Hail is something we are in fear of here. It does so much damage. We were hit hard by a June hailstorm a few years back. Vineyard and garden were set back.

      Our friends M & J have the olive farm, and olive farm cats, over in Sicily. Even they are beginning to lose track of how many paws there are. 🙂 Lucky was very lucky to have been found by our friend M on the street. She saw him struggling, and stopped to rescue him.

      Wish I could stop by and listen to your jazz series in the vineyard. Yes, this season is stretching us all thin!

      Like

  2. Herman says:

    Hi Lavinia! Thank you so much for another great post. Always love to read about what’s happening at the Farm and wondering what the Resident Feline Correspondent Mr. Nano has to say…

    Liked by 2 people

    • Always good to see you Herman and Mr. Bowie! Thank you for stopping by from Belgium. I took another photo of the cherry tree garden when the irises were at their peak. It is filling in nicely, and more to be added every year. Mr. Nano sends a big “Meow” back to his Belgian brother Mr. Bowie. They would have much to talk about over catnip. 🙂

      Liked by 1 person

  3. Hi there __ I bought some iris bulbs and then Tropical Storm Albert started coming and I think they got water soaked, but my new hydrangea is blooming in blues and purples and looking great!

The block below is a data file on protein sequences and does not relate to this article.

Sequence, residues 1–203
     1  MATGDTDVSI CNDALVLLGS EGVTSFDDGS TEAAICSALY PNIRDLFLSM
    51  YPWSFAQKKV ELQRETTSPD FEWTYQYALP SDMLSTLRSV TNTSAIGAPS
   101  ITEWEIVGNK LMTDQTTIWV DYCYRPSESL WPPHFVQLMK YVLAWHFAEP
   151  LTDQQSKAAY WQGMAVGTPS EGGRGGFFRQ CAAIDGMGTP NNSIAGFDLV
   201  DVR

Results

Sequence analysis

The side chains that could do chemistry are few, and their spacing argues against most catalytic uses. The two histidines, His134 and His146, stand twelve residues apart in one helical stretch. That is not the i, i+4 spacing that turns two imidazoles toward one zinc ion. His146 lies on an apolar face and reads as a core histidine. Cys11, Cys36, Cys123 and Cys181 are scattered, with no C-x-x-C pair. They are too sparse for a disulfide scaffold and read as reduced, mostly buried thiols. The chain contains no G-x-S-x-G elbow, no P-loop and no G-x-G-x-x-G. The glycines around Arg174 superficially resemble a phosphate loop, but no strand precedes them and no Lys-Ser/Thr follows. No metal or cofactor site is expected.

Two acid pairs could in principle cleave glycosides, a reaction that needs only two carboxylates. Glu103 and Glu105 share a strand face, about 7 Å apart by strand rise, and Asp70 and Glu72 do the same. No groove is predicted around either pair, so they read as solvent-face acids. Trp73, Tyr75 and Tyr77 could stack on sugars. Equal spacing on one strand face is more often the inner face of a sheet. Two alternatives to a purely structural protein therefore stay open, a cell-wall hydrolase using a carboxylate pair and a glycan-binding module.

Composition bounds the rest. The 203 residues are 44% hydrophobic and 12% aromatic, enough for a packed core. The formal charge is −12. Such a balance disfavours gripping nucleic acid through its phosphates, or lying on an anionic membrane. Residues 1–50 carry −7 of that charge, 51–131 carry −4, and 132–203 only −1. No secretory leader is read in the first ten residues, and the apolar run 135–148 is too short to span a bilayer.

Tell Rick, if he wants air and photo time on this site, he needs to share some of his recipes. Was the radish leaves his?
    Always good to see Lucky out in the field getting the scoop!
    You take care, Lavinia and thanks for all your wonderful reading at my site, your talented posts here AND for growing Michael’s Tree!!!

    Liked by 1 person

    • Always good to see you, GP, and thanks for stopping by! Your irises may be alright unless they got some kind of fungal rot from the water. I have been thinking of getting a hydrangea for here. They are beautiful!

      The radish recipe comes from our friends M & J in Sicily who have the olive farm, and olive farm cats. I will get the recipe for you from M. She is an excellent cook. And old Lucky does so well for being blind. He has not let that stop him, and his human father says his attitude can be insufferable at times, sitting on J.’s neck while he is working at the computer. 🙂

      Rick is a mighty good cook (he likes to eat), and always happy to share what he knows. 🙂

      I am honored to have Micheal’s tree growing here. He was a handsome young man, so full of life and promise. We feel your loss, GP. I feel like I knew him somehow.

      Liked by 1 person

    • Always good to see you, Gallivanta. Thank you for stopping by! Irises are indeed a joy to behold. I will let my friends in Sicily know how much you enjoyed their olive farm cat report. 🙂

      I love that Maori evening prayer you posted a while back.

      Liked by 1 person

  4. Timothy Price says: